Announcing a new Meetup for Sydney Philosophy Circle!
What: Stephen Toulmin's "The uses of argument"
When: Thursday, February 25,[masked]:30 PM
64 Devonshire Street Surry Hills
A discussion of some themes from Stephen Toulmin's book, "The uses of argument" (1958).
"Throughout many of his works, Toulmin pointed out that absolutism (represented by theoretical or analytic arguments) has limited practical value. Absolutism is derived from Plato?s idealized formal logic, which advocates universal truth; accordingly, absolutists believe that moral issues can be resolved by adhering to a standard set of moral principles, regardless of context. By contrast, Toulmin asserts that many of these so-called standard principles are irrelevant to real situations encountered by human beings in daily life.
To reinforce his assertion, Toulmin introduced the concept of argument fields; in 'The Uses of Argument' (1958), Toulmin states that some aspects of arguments vary from field to field, and are hence called 'field-dependent,' while other aspects of argument are the same throughout all fields, and are hence called 'field-invariant.' The flaw of absolutism, Toulmin believes, lies in its unawareness of the field-dependent aspect of argument; absolutism assumes that all aspects of argument are field invariant.
Recognizing the intrinsic flaw of absolutism, Toulmin?s theories resolve to avoid the defects of absolutism without resorting to relativism: relativism, Toulmin asserted, provides no basis for distinguishing between a moral or immoral argument. In 'Human Understanding' (1972), Toulmin suggests that anthropologists have been tempted to side with relativists because they have noticed the influence of cultural variations on rational arguments; in other words, the anthropologist or relativist overemphasizes the importance of the 'field-dependent' aspect of arguments, and becomes unaware of the 'field-invariant' elements. In an attempt to provide solutions to the problems of absolutism and relativism, Toulmin attempts throughout his work to develop standards that are neither absolutist nor relativist for assessing the worth of ideas."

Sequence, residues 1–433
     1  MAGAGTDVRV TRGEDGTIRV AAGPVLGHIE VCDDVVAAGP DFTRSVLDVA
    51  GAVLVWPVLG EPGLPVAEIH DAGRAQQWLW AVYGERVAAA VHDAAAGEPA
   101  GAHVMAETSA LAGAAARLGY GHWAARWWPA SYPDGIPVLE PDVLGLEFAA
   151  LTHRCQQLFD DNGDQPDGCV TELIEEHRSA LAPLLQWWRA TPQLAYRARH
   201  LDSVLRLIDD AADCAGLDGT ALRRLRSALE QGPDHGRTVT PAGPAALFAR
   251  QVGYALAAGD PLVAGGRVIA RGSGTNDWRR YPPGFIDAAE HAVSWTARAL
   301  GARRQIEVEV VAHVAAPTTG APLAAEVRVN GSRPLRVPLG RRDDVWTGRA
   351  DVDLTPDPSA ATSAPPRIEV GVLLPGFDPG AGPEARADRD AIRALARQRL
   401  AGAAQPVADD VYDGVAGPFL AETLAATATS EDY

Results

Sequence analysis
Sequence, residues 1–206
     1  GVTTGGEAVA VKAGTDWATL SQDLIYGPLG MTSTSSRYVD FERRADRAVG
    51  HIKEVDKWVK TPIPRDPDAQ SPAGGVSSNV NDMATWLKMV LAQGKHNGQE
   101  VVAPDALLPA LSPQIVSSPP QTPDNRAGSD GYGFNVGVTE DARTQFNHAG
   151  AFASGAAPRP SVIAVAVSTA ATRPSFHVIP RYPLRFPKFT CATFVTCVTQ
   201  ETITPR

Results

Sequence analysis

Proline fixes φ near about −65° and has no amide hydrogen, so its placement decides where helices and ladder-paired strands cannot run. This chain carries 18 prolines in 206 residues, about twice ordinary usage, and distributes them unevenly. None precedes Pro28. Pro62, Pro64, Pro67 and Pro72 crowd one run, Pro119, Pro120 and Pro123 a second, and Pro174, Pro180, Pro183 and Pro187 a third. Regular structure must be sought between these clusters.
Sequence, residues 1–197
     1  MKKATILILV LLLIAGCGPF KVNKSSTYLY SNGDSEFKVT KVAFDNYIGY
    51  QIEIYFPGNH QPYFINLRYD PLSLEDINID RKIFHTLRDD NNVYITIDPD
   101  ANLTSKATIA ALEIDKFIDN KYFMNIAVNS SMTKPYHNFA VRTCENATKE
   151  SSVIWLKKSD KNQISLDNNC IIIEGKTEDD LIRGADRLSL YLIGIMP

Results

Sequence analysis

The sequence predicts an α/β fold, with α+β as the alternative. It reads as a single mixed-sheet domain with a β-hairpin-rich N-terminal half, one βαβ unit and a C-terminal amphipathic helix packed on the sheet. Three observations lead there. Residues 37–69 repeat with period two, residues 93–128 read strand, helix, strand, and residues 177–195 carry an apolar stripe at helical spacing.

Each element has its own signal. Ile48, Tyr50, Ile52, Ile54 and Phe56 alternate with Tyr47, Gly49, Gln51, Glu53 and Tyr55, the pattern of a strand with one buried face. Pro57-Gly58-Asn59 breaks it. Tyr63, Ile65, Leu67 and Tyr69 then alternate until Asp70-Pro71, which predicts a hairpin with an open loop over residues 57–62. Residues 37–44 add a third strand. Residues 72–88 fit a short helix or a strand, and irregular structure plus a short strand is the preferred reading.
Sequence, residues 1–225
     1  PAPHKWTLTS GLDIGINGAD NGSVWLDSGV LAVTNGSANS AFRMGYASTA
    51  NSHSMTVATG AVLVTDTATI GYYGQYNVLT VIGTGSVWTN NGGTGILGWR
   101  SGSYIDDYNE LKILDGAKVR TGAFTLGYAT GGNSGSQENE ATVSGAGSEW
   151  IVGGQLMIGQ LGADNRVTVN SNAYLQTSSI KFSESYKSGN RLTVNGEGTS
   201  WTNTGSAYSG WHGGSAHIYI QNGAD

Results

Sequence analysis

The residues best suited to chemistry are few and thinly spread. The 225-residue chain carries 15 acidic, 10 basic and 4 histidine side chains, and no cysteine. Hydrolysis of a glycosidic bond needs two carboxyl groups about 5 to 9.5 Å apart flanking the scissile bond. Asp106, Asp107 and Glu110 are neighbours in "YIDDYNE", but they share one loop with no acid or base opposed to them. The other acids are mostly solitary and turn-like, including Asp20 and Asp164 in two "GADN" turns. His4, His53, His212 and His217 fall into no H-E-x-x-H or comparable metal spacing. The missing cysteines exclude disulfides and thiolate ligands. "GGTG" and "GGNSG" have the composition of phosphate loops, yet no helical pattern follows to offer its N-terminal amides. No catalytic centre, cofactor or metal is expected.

6.15pm (for a 6.30pm start), Thursday 25 February 2010
Normally we'll start just after 6.30pm, and continue till 8.30pm. Format is usually: short speech, then two or three rounds of discussion, with breaks in-between. Often we'll go to dinner afterwards.
No cost. No reading required beforehand. All welcome!
Location: members bar, floor 1 (keep winding up to the top of the stairs), The Gaelic Club, 64 Devonshire Street, Surry Hills, Sydney (100 metres from a Central railway station exit). Look for philosopher-types!
Hope to see you there!
Learn more here:http://www.meetup.com/SydneyPhilosophyCircle/calendar/12657890/